As Clear Secure Takes Off In $4.5 Billion IPO, CEO Caryn Seidman-Becker Eyes A ‘Frictionless’ Future
When Covid lockdowns took hold last March and sent the global travel industry to a sputtering halt, Caryn Seidman-Becker was not entirely surprised. The cofounder and CEO of biometric screening company Clear Secure had been watching the virus unfold around the world and knew she had to prepare for a time in which a fast-pass through the airport security line might not be a traveling priority.
“One of the benefits of age is living through a few crises. And so, after living through 9/11 and living through the financial crisis of 2008 and 2009, we think it’s management’s job to look around corners,” she told Forbes on Wednesday.
And so, as U.S. airline passenger volumes plunged 60%, Seidman-Becker cut the company’s marketing spend, tightened the operating budget and directed the development of something called Health Pass, an in-app product that tracks users’ Covid-19 test results, vaccination status and answers to a real-time health survey.
Her foresight proved valuable: Clear Secure made its public market debut on Wednesday, and investor appetite sent shares soaring immediately upon its open. After pricing at $31 per share Tuesday night—above the $27- to $30-per-share range it had targeted and giving the IPO a $4.5 billion valuation—Clear’s stock opened for trading on the New York Stock Exchange at $38.55 just before 11am ET, and hit $42.10 by noon. The stock closed at $40.43, a 30% gain that puts Clear’s market cap at $5.8 billion and gives Seidman-Becker a stake worth approximately $826 million. (The stock ownership is structured as a partnership, to be tax efficient for founders.)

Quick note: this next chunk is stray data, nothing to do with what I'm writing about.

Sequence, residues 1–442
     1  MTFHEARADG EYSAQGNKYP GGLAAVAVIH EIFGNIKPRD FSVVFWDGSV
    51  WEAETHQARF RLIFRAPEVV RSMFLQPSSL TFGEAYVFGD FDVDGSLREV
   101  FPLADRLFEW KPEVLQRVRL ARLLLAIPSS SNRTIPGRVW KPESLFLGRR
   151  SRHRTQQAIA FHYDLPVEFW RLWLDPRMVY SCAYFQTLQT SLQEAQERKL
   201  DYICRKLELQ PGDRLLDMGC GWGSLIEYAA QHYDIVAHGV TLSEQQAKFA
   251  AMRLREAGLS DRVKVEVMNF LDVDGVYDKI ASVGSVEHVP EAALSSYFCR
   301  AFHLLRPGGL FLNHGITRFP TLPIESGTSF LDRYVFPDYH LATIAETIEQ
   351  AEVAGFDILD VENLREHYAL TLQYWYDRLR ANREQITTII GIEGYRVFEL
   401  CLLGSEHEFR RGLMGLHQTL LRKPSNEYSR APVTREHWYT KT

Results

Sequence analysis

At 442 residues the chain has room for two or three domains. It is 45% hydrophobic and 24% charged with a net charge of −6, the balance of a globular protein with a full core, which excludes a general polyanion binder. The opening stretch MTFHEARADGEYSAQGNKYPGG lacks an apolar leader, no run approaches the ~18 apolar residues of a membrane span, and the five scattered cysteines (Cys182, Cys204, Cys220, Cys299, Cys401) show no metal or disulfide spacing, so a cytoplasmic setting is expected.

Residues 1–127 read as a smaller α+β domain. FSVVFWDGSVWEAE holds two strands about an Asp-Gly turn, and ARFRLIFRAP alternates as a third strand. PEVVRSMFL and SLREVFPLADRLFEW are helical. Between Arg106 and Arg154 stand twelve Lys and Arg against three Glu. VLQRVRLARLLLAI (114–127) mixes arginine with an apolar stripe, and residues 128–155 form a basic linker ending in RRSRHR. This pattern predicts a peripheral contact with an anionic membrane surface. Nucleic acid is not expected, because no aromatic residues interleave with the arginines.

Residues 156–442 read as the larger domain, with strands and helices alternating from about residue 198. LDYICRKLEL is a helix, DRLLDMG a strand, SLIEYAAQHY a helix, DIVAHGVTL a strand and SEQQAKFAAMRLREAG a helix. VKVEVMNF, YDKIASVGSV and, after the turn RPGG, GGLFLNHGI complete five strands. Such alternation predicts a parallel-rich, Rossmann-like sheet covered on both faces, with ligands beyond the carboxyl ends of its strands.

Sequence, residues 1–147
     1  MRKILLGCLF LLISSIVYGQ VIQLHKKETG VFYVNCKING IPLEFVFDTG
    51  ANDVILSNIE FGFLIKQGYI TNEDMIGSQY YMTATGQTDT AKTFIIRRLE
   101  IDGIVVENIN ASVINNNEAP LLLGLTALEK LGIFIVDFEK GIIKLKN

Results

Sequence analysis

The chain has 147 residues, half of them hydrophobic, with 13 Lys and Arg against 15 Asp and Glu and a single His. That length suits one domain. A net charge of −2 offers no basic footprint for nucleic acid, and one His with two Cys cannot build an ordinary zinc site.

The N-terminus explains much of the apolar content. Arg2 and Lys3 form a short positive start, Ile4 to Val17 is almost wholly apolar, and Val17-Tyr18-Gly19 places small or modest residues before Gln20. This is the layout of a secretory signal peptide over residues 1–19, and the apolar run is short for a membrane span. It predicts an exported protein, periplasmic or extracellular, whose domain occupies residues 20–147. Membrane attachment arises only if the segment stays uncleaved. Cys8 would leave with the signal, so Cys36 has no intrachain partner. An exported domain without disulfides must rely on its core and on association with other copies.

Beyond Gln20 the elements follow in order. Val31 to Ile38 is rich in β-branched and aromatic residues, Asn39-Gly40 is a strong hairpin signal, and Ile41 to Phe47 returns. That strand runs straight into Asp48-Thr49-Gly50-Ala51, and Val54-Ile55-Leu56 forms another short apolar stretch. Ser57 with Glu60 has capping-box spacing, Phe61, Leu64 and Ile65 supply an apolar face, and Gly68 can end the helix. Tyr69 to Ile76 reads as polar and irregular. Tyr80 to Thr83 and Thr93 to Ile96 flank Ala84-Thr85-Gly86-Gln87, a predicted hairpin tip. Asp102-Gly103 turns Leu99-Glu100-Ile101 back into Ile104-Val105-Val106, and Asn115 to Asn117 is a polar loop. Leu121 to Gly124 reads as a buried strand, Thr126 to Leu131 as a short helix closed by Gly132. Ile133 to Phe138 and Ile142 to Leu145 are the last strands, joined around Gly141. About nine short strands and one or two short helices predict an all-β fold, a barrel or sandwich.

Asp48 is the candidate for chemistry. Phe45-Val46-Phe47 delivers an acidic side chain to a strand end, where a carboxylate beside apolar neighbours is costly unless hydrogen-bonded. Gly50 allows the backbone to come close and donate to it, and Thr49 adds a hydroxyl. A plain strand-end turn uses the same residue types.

“I think people have really started to understand the power of a secure identity platform, both in travel and beyond,” Seidman-Becker says.
Listed under the ticker “YOU” (a nod to the company’s motto: “you are you”), Clear begins its life on the public market as travel inches closer to pre-pandemic levels, with the TSA processing more than 2 million travelers in four out of the last eight days. But while Clear is best known for facial-scanning tools that let users bypass long TSA lines and sees its largest member acquisition channel through airports—which drove 72% of new subscriptions in 2020, and 62% in 2019— Seidman-Becker said Wednesday that she hopes that one day, aviation is her company’s smallest vertical.